Importing Database files to Devonthink Database - Legal etc.

Hi all,

I am trying to figure out a way to (probably through applescript) be able to import a set of PDFs and modify their metadata within DTPro based on a data file from a legal document database (such as concordance). The database file basically has a row of fields such as begpage endpage createdate author etc. and I want to capture that data when I import the files into DTPro. As it stands, there are probably not the right amount of fields in the DTPro database to get all these fields, but I could at least get the most import data from these files and import them. Can a script modify all the data fields? I may reach out directly to eric to see if this is something that they would like to support as I know they certainly target the legal market, but I wondered what people on the boards thought. thanks.

Not enough information to know how to program this … but …

of the metadata mentioned (guessing at their exact definitions): “createdate” can be set in a script. “begpage”/“endpage” have no equivalent properties in DEVONthink so you would have to store them in a comment, or not at all. “author” can be set but not easily.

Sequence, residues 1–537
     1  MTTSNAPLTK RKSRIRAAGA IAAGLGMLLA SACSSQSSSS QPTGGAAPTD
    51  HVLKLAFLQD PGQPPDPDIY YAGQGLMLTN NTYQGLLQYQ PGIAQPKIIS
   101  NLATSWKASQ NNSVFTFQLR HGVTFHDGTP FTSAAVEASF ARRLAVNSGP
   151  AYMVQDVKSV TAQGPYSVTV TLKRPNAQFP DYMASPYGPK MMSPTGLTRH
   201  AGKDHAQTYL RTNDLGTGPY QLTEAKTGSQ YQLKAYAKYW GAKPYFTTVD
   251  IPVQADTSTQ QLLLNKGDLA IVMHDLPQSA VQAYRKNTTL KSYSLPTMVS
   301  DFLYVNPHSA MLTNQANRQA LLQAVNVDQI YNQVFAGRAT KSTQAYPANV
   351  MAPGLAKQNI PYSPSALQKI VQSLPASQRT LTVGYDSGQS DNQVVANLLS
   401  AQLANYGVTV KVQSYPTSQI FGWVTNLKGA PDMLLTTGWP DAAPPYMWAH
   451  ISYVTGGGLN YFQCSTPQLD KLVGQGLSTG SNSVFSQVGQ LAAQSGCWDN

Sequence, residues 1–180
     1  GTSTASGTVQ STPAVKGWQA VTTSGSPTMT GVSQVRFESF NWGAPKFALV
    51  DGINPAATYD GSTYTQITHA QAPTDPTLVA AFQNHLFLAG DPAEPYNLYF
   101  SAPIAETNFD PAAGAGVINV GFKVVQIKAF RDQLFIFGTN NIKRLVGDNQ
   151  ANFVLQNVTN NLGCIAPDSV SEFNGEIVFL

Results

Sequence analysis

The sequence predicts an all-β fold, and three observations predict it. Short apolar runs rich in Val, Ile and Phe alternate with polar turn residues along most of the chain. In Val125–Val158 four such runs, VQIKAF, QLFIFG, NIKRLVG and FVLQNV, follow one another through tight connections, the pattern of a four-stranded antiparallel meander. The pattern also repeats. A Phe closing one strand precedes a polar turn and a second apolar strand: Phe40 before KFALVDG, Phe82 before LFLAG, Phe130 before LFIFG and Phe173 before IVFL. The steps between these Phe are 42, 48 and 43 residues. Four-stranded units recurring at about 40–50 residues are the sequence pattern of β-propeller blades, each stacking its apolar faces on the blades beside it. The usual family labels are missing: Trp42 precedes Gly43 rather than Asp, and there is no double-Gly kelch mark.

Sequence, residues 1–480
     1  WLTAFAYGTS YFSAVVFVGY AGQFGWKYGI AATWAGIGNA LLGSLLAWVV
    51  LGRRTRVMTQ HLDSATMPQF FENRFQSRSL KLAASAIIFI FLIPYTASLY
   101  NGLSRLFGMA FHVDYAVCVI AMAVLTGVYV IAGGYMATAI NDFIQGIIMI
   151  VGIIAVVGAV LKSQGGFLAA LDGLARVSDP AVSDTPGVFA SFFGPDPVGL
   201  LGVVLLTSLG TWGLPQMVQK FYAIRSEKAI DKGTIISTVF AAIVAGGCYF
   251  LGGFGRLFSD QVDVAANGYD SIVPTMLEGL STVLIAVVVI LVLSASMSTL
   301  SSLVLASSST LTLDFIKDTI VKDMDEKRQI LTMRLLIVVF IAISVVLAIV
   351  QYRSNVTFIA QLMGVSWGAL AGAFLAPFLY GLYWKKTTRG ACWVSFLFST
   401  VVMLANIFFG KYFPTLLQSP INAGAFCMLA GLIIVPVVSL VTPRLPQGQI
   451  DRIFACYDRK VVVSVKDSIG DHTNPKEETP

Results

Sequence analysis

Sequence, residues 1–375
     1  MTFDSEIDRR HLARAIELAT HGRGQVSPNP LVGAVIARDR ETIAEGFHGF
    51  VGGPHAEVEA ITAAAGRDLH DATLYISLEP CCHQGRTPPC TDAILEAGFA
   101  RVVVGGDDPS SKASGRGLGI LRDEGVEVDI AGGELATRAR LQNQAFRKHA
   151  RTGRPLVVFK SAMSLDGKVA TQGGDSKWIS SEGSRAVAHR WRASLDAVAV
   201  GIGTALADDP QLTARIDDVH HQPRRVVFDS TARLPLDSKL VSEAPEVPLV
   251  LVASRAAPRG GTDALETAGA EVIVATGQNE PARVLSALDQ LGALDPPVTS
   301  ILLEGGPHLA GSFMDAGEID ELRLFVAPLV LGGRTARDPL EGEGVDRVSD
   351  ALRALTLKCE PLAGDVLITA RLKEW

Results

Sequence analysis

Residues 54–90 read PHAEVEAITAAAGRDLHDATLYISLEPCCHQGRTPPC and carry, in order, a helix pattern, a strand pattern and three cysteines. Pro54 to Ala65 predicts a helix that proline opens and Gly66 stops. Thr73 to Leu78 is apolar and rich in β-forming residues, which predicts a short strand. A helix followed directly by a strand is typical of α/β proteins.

And, once you have imported this library with associated metadata – what would you want to be doing with the database? Your use case(s) would also affect what a programmer would design.

Have you considered using a reference manager – for example Bookends, which works well with DEVONthink?

Hello gelbin,

I manage a number of constantly updated trial litigation databases (20 000+ documents each) with Devonthink so I have constructed workflows to deal with scenarios like yours. There are limited options to adding metadata to documents as you cannot programatically modify the document metadata itself, only the metadata stored internally by Devon.

Some of the fields typically found in legal indexes are easy to deal with. An applescript can read in a csv with a discovery schedule and allocate the fields appropriately -